Two labor disputes on Long Island came to a close this week.
Former union delivery workers of Farmingdale-based Waldner’s Business Environments reached an agreement with the company, boosting severance pay and ending a dispute that began in July.
Separately, the union for workers at Alside Supply Center in Old Bethpage ended a strike, which began in April.
Waldner’s, an office furniture firm, closed its in-house distribution and installation business on July 5, turning to subcontractors for that work. Twenty full and part-time workers represented by Teamsters Local 814 were laid off, the company said.
The agreement, ratified Thursday, secured severance of “one week of pay per year of service,” said Jason Ide, president of Local 814. The settlement also ends union-led protests in the city and on Long Island.
“We’re glad this concluded with a mutually beneficial conclusion with Teamsters Local 814,” said Ryan Osborne, principal and chief operating officer of Waldner’s. The company also helped to place workers at other delivery companies, Osborne said, and others retired or went into other industries.
The company also agreed it would outsource its work to Teamster 814 employers, or to other companies offering comparable wages and benefits. “During this struggle, all this work was going to non-Teamster contractors that don’t offer anything near what we offer,” Ide said.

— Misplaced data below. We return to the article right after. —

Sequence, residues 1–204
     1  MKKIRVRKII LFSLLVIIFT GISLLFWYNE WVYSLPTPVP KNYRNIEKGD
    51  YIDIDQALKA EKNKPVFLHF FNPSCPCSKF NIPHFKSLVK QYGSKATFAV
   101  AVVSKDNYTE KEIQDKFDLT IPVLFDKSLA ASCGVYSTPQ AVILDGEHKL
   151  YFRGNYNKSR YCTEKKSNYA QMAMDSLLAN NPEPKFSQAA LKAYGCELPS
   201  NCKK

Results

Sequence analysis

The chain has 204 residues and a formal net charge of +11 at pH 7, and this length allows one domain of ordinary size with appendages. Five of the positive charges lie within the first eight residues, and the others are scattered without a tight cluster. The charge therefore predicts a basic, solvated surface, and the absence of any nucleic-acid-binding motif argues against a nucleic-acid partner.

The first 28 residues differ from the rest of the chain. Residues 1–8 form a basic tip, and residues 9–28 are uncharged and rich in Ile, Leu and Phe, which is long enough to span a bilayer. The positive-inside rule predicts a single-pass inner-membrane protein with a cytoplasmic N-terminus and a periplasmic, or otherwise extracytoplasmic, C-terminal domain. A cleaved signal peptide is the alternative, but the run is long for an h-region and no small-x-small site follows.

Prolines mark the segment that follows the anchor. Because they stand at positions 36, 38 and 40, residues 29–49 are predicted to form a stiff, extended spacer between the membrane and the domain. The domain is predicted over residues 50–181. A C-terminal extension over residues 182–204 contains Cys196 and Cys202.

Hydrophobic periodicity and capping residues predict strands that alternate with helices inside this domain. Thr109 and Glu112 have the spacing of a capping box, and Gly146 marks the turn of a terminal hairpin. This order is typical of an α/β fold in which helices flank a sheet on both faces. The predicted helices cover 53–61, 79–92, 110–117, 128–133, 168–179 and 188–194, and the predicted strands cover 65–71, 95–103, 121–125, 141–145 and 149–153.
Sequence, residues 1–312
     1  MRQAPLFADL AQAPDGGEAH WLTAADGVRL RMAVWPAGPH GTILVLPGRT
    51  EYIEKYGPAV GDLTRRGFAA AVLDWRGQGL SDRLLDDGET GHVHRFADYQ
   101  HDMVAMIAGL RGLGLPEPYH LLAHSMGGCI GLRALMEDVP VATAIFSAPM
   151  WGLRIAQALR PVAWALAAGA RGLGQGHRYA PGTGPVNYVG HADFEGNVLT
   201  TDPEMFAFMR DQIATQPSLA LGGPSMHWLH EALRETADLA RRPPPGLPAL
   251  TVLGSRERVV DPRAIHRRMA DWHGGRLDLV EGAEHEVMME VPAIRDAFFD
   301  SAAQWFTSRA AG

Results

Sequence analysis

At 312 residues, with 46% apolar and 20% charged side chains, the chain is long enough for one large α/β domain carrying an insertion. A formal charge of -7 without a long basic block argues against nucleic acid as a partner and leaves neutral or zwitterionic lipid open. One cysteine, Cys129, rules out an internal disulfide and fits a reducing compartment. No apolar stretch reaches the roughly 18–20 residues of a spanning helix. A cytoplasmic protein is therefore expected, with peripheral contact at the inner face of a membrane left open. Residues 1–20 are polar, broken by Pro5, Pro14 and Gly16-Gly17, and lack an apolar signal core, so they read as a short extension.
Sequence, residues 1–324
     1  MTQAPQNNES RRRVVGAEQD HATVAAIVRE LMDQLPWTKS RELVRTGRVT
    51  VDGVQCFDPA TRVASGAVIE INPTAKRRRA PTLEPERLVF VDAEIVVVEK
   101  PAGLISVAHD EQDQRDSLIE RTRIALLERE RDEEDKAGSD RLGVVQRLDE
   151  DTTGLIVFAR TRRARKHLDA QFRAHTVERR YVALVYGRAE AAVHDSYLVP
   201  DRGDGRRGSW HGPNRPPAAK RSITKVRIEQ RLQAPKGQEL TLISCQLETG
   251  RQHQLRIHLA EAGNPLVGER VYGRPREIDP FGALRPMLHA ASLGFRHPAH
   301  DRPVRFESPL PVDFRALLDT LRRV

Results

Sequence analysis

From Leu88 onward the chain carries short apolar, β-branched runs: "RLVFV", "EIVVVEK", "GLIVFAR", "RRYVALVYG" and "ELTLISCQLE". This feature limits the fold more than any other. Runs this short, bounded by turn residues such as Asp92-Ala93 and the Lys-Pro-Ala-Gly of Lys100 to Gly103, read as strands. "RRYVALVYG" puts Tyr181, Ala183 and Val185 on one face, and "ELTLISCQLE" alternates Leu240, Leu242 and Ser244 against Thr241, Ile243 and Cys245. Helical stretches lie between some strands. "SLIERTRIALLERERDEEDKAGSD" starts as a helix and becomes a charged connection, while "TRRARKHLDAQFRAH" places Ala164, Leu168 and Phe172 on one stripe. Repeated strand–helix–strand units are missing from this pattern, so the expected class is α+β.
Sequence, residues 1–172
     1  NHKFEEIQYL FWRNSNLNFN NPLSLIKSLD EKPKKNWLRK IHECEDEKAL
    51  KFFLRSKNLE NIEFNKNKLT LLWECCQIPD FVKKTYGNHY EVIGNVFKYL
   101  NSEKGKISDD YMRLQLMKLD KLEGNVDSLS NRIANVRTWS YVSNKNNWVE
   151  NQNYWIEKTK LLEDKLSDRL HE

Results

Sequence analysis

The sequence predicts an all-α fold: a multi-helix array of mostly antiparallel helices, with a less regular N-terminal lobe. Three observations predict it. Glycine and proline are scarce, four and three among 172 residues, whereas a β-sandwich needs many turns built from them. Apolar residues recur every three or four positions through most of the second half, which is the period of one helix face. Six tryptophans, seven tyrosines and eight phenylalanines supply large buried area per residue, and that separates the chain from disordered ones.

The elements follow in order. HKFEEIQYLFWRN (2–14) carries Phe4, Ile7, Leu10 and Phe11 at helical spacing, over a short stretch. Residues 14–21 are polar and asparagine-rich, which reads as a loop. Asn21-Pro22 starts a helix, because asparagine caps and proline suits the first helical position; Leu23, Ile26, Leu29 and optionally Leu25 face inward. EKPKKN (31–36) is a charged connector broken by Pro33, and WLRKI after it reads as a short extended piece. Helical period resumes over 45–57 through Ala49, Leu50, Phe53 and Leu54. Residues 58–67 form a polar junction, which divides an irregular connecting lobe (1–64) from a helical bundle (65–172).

In July, unions called the closure a “lockout.” The company disputed that the layoffs constituted a lockout. The closure and layoffs followed the June 30 expiration of Waldner’s employment contract with Local 814.
At Alside, 16 members of Teamsters Local 807 went on strike, according to the Federal Mediation & Conciliation Service, which tracks work stoppages including strikes and lockouts.
The strike, over proposed changes to health care coverage and the removal of a pension plan, ended after the workers found jobs at other companies employing Teamsters. Alex Moore, a spokesman for Teamsters Joint Council 16, said the strike was “unsuccessful.”
Union members had filed charges against Alside, an Ohio-based manufacturer of vinyl siding, windows and patio doors, with the National Labor Relations Board. The agency ruled against the workers, Moore said.
The company did not return calls requesting comment.